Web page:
Further, in GMC's "Good Medical Practice (2006) - Good Doctors" Patients need good doctors. Good doctors make the care of their patients their first concern:

This focus on the individual patient and their immediate need can conflict with community welfare, conserving economic resources, supporting the criminal justice system or simply making money for the physician or his employer.
This means that a doctor is almost obliged by his/her vows as a doctor to ignore Public Health priorities or the strategic objectives of the health economy to serve the immediate needs of the patient in front of them.

What does this mean in practice?

Management of resources, and treating immediate need, are difficult bedfellows.
The bridge between them is Public Health, or a proactive attempt to prevent ill-health through resolving the environment that will ultimately (and probably already causes) cause poor health.
Actions to reduce smoking can be perceived both by physician (improved health) and the economist (reduced future cost, reduced lost production) as beneficial to society.
Finance managers can see the long-term benefits, but sadly this year's budget has to provide both for this year's clinical needs (last year's smokers), and extra resources for the proactive programme that will reduce next year's bill. It's a difficult decision and it emphasises the importance for doctors to recognise the legitimacy of public health targets and the need for planning, and of course for managers to understand the constraints under which doctors work.

Sunday, 5 April 2009

Clinical quality vs profit

They say another key difference between clinicians and managers is that managers are only interested in what will make money, whereas clinicians are only interested in delivering the highest quality.
I don't know if you've studied Lean methodology in any detail? It's a series of techniques for improving the delivery of services and products, and
NHS Institute for Innovation and Improvement has released a number of guides of its Productive series, Productive Ward, etc.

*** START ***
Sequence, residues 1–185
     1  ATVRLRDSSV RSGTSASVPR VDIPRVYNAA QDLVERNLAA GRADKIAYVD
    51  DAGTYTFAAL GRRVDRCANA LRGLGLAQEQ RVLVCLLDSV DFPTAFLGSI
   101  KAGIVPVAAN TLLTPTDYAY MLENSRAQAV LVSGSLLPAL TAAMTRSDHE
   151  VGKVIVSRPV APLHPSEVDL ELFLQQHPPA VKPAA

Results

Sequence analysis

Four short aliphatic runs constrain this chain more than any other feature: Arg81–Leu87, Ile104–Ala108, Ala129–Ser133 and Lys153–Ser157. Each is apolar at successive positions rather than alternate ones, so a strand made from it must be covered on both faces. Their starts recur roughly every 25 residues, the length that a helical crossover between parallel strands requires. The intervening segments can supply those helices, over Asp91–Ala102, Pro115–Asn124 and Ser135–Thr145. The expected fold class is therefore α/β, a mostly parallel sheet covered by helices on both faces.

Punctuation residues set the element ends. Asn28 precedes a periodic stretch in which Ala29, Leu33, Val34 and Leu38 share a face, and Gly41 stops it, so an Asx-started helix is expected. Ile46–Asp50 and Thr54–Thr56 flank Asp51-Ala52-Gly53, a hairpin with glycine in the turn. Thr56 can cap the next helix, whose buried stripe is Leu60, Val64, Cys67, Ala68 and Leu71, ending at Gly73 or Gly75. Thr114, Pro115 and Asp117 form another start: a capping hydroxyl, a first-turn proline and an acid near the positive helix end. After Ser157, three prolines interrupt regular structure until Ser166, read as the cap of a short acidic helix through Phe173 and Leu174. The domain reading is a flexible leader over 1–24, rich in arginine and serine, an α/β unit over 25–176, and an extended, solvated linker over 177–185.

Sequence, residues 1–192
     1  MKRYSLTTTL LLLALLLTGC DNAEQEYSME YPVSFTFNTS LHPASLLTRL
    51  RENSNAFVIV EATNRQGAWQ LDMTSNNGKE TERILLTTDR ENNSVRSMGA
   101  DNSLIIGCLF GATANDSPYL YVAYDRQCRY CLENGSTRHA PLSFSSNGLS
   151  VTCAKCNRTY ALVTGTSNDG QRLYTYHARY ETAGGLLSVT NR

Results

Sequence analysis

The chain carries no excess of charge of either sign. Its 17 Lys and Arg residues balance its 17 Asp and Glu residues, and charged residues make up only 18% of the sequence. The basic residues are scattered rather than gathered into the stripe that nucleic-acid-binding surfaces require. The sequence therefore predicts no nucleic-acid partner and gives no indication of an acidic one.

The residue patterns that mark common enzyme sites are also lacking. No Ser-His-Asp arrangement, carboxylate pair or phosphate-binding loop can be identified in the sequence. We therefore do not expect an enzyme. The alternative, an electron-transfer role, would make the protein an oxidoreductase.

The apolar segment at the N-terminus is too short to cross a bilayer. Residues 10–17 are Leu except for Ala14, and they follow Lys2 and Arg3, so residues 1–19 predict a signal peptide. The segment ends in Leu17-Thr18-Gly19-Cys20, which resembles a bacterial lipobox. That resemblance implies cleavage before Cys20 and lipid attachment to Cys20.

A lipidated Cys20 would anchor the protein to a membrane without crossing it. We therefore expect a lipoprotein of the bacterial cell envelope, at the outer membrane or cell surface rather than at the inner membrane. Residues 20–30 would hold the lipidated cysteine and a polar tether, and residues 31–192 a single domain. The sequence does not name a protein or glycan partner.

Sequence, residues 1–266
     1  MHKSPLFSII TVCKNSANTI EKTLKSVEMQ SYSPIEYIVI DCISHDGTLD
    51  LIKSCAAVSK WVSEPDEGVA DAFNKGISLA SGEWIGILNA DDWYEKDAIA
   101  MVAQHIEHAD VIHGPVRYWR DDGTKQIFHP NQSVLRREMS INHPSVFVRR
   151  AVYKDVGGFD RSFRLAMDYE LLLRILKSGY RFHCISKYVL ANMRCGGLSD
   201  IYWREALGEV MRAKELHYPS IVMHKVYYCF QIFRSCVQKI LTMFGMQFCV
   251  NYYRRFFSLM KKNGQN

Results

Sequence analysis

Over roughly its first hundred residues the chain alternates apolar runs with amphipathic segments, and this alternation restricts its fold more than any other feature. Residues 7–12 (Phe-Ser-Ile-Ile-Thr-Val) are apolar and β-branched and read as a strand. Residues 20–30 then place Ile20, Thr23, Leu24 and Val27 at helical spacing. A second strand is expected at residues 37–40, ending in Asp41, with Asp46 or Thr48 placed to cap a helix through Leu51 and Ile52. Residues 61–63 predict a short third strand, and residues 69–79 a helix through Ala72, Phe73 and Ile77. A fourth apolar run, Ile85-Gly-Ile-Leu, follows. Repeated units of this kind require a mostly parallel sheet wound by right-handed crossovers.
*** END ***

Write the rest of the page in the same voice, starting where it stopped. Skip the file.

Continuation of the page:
This is about getting people to question the way we do things round here, to see if there's a better way.

Community Engagement

It's about getting staff engaged locally, down to their own individual teams, and some of the techniques including management by walking around and process mapping involve everyone working together - sponsors (typically executive directors), senior doctors, consultants, nurses and AHPs, hospital staff or primary care health care staff (staff nurses, staff medical, etc) - to map out how the patient journey is done now and where are the things we do that don't add any value.
For example, the patient waiting in the waiting room doesn't add any value. The patient going home and coming back for another appointment doesn't add any value. Writing labels on blood samples going for diagnosis adds value, but is there a better way (adds more value or takes less effort). Recording the number of patients waiting only adds value if you do something with the results.

Staff Evaluation

Staff themselves are involved. We work together. We learn from each other, understand why a particular action or a particular step is necessary, and jointly evaluate and agree what isn't necessary. The service is better quality, because there's less waste. The service is lower cost/ uses less resource, because there is less waste.